Date of Award


Document Type


Degree Name

Doctor of Philosophy (PhD)

Legacy Department

Parks, Recreation, and Tourism Management


McGuire, Francis A.

Committee Member

Backman , Kenneth F.

Committee Member

Moore , DeWayne


People experience various significant events across their life course. The purpose of this study was to explore what turning point events occur and how these events influence travel style among first generation older Korean immigrants. To accomplish this, 33 interviewees were recruited by using theoretical sampling and a semi-structured interview with the retrospective interview technique.
Following the grounded theory approach (Strauss & Corbin, 1990, 1998; Corbin 2008), several themes emerged that created turning point events and travel styles among first generation older Korean immigrants. Turning point events divided into eleven categories. In the findings, however, the participants seemed to experience not only a single turning point event at a time, but also interpersonal, multiple, and sequential events. They were also in different situations and dealt with their significant life events in relation to various factors (e.g., changes of transitional role, changes of family structure, changes of socio-economic status, and changes of priorities in life), which are general outcomes of turning point events.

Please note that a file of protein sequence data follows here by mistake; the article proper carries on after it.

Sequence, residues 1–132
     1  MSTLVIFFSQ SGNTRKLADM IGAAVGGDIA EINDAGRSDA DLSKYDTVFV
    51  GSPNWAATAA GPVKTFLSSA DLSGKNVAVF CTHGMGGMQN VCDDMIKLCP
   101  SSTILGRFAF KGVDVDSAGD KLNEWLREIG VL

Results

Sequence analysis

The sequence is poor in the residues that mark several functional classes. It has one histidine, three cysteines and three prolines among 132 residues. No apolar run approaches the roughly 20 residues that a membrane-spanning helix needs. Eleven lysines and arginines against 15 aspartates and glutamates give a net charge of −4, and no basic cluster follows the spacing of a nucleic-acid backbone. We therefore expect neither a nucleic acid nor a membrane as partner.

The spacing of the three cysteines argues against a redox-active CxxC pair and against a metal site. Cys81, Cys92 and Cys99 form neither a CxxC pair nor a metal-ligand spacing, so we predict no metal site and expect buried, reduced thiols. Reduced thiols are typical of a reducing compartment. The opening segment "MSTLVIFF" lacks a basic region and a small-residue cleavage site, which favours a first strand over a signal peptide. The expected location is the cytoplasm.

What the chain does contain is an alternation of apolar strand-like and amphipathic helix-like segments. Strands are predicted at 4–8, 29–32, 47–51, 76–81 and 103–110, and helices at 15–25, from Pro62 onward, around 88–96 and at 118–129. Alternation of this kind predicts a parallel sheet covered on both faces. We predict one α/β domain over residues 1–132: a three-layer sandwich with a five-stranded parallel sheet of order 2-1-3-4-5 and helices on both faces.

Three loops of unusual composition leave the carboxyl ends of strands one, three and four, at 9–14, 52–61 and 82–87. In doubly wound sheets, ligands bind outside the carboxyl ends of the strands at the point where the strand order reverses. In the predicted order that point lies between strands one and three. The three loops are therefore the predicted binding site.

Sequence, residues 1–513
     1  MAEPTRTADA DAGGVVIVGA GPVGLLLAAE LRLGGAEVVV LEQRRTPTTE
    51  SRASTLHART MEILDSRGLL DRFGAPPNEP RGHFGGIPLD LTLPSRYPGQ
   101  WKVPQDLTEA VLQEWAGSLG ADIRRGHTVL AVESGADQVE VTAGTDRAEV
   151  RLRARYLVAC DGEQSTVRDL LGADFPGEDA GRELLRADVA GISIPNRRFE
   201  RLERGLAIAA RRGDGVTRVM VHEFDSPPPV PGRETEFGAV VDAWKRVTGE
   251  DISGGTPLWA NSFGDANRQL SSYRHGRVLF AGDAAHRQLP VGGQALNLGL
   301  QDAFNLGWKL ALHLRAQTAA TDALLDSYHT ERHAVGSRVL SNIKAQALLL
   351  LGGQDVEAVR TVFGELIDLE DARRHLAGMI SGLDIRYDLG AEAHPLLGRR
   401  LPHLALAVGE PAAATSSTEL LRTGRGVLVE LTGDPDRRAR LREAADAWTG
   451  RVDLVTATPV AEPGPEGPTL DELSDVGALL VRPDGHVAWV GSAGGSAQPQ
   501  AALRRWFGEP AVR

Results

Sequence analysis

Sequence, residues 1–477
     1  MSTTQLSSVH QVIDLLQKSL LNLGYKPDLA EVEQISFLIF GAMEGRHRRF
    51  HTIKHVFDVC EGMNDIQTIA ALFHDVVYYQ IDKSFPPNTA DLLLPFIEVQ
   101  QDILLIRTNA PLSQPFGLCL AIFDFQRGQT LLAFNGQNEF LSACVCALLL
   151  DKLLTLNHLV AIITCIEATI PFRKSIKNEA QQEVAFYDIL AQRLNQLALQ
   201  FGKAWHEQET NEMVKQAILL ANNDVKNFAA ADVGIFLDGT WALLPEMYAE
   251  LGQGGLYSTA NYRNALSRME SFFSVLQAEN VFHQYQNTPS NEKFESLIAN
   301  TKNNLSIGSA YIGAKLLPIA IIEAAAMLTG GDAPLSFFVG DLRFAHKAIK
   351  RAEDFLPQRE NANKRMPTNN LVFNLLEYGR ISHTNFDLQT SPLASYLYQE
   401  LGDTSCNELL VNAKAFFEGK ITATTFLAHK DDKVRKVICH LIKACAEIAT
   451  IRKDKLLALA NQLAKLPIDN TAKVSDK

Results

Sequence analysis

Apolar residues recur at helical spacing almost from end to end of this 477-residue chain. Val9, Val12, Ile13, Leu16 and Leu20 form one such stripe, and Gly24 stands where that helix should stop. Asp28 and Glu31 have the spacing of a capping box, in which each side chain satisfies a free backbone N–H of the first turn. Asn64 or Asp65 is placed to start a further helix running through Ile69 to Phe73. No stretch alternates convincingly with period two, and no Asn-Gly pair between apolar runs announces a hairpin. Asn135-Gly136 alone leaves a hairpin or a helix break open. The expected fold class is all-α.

The model suggests travel behaviors changed after turning point events in three specific travel outcomes of turning point events (i.e., value of travel, timing of travel, and opportunity to travel), which become facilitating or constraining factors that lead to travel participation or non-participation. Four different types of travel styles were emerged: day trips, travel to Korea, travel to iconic places of the United States, and religious and mission trips. This study provides a grounded theory that attempts to explain the complex nature of turning points and the impacts of turning point events on travel among first generation older Korean immigrants.